1926 Bentley 3 Litre
Zahl der Sitze2
1926 Bentley 3-Litre Speed Model Sports Tourer
Registration no. YN 9348 (see text)
Chassis no. SR1421
With characteristic humility 'W O' was constantly amazed by the enthusiasm of later generations for the products of Bentley Motors Limited, and it is testimony to the soundness of his engineering design skills that so many of his products have survived. From the humblest of beginnings in a mews garage off Baker Street, London in 1919 the Bentley rapidly achieved fame as an exciting fast touring car, well able to compete with the best of European and American sports cars in the tough world of motor sport in the 1920s. Bentley's domination at Le Mans in 1924, 1927, 1928, 1929 and 1930 is legendary, and one can only admire the Herculean efforts of such giants as Woolf Barnato, Jack Dunfee, Tim Birkin and Sammy Davis, consistently wrestling the British Racing Green sports cars to victory.
W O Bentley proudly unveiled the new 3-litre car bearing his name on Stand 126 at the 1919 Olympia Motor Exhibition, the prototype engine having fired up for the first time just a few weeks earlier. Bentley's four-cylinder 'fixed head' engine incorporated a single overhead camshaft, four-valves per cylinder and a bore/stroke of 80x149mm. Twin ML magnetos provided the ignition and power was transmitted via a four-speed gearbox with right-hand change. The pressed-steel chassis started off with a wheelbase of 9' 9½", then adopted dimensions of 10' 10" ('Standard Long') in 1923, the shorter frame being reserved for the Tourist Trophy Replica and subsequent Speed Model. Rear wheel brakes only were employed up to 1924 when four-wheel Perrot-type brakes were introduced.
In only mildly developed form, this was the model that was to become a legend in motor racing history and which, with its leather-strapped bonnet, classical radiator design and British Racing Green livery, has become the archetypal Vintage sports car.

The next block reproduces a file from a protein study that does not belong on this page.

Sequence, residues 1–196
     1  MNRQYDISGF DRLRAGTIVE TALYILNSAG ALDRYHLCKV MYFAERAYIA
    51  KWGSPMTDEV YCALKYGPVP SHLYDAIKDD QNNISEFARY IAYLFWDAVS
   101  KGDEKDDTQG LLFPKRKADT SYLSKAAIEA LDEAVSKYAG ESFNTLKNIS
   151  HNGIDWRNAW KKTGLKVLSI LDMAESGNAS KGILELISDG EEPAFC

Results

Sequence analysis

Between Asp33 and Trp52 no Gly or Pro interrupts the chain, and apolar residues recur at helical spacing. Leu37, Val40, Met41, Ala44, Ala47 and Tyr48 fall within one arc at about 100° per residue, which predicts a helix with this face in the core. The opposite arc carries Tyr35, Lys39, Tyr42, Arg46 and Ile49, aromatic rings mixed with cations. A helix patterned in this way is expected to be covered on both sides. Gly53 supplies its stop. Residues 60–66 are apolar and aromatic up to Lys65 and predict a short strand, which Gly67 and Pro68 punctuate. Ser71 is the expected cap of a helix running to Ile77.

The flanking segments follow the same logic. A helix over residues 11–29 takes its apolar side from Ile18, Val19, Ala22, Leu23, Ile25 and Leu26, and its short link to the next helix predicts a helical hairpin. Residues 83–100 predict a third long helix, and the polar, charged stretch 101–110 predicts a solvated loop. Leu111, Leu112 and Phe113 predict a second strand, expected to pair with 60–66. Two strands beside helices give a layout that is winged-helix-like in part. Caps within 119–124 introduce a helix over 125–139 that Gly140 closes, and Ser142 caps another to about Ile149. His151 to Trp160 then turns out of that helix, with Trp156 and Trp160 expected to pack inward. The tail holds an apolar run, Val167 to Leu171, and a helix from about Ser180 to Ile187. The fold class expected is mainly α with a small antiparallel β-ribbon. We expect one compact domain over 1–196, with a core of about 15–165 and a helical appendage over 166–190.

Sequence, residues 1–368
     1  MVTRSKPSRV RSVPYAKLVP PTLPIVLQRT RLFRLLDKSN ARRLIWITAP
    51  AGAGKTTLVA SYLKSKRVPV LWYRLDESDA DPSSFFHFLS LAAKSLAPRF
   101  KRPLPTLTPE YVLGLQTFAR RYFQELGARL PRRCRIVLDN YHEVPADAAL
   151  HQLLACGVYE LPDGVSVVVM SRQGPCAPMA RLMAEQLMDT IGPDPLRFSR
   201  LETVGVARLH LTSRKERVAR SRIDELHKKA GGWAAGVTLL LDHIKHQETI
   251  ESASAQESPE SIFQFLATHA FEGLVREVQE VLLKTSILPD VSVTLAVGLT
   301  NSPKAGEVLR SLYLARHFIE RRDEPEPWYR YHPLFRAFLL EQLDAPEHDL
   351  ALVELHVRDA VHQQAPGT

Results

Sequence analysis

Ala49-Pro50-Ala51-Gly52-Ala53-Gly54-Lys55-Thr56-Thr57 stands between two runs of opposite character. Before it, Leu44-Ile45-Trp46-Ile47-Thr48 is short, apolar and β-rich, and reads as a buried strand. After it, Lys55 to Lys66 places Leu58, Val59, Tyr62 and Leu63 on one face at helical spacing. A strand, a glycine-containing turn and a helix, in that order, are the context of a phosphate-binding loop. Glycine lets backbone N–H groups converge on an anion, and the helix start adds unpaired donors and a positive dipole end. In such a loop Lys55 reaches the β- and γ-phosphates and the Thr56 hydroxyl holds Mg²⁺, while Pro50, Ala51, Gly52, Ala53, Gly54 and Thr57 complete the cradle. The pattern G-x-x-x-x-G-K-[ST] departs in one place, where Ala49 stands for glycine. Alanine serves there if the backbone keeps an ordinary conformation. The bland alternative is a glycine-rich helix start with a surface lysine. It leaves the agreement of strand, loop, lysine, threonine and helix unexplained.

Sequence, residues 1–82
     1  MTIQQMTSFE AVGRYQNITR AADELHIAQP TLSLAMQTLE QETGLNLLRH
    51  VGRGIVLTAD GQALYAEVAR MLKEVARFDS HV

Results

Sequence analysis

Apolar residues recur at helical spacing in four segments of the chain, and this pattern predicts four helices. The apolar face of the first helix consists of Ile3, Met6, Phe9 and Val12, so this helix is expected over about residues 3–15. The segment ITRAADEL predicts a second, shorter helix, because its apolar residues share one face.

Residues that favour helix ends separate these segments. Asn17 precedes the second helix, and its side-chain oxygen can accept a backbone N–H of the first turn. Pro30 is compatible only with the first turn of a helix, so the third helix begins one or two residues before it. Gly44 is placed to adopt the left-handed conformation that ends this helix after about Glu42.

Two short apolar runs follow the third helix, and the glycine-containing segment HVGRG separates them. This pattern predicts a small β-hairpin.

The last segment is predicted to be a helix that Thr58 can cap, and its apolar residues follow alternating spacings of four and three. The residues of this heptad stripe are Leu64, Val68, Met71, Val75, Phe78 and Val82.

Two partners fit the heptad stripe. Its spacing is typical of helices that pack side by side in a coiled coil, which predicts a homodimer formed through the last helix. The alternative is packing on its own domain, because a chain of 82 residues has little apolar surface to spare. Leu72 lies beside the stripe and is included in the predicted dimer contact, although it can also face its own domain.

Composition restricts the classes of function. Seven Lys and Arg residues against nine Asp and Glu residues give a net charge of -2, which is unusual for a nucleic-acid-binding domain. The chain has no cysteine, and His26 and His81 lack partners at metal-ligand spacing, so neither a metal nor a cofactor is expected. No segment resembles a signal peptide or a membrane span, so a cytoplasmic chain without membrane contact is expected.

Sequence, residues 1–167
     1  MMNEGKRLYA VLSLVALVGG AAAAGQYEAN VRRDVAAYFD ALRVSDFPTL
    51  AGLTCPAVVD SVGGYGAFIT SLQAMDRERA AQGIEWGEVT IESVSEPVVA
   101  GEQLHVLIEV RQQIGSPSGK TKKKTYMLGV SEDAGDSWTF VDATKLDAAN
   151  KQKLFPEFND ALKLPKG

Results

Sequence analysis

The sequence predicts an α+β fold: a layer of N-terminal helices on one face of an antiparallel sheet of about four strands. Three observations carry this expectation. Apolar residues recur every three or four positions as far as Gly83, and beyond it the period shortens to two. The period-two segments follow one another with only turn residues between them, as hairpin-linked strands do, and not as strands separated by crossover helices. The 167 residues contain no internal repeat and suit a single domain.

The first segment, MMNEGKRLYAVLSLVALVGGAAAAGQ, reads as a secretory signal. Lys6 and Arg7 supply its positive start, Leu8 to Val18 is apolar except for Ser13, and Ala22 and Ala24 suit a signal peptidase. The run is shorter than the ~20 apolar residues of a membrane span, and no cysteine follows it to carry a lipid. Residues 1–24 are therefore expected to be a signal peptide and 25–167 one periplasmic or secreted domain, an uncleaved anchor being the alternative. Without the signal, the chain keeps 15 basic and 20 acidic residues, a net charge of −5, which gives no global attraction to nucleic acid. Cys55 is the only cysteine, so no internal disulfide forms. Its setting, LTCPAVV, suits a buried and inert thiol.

Early success in the 1922 Isle of Man Tourist Trophy, when Bentleys finished second, fourth, and fifth to take the Team Prize, led to the introduction of the TT Replica (later known as the Speed Model) on the existing 9' 9½" wheelbase, short standard chassis. Identified by the Red Label on its radiator, the Speed Model differed by having twin SU 'Sloper' carburettors, a higher compression ratio, different camshaft, and the close-ratio A-type gearbox, the latter being standard equipment prior to 1927 when the C-type 'box was adopted. These engine changes increased maximum power from the standard 70 to 80bhp and raised top speed to an impressive 90mph. Other enhancements included the larger (11-gallon) fuel tank and (usually) André Hartford shock absorbers. Bentley made approximately 1,600 3-Litre models, the majority of which was bodied by Vanden Plas with either open tourer or saloon coachwork.
This 3-Litre Speed Model left the works in April 1926 fitted with a four-seater body by Vanden Plas. The car was first registered as 'YN 9348' and sold new to a Mr CG Blaxter. At time of cataloguing little had come to light concerning its subsequent history. However, on file is a copy of a 1970s BDC Review's report on a visit to Tony Townsend's Elmdown Engineering, which included a photograph of 'YN 9348'. The car was described as "Complete rebuild and new body, etc, 71. Owner: David Burrows. Car now in for 500 miles check over and service".
Also on file are invoices dating from 2013/2014 issued by Gentry Engineering of Worminghall, Buckinghamshire for various works including a full engine rebuild (perusal recommended). The car also comes with a Society of Automotive Historians dating letter. In recent years the Bentley has been domiciled abroad, and prospective UK-based purchasers are advised to consult the DVLA with regard to the availability or not of the original registration 'YN 9348'.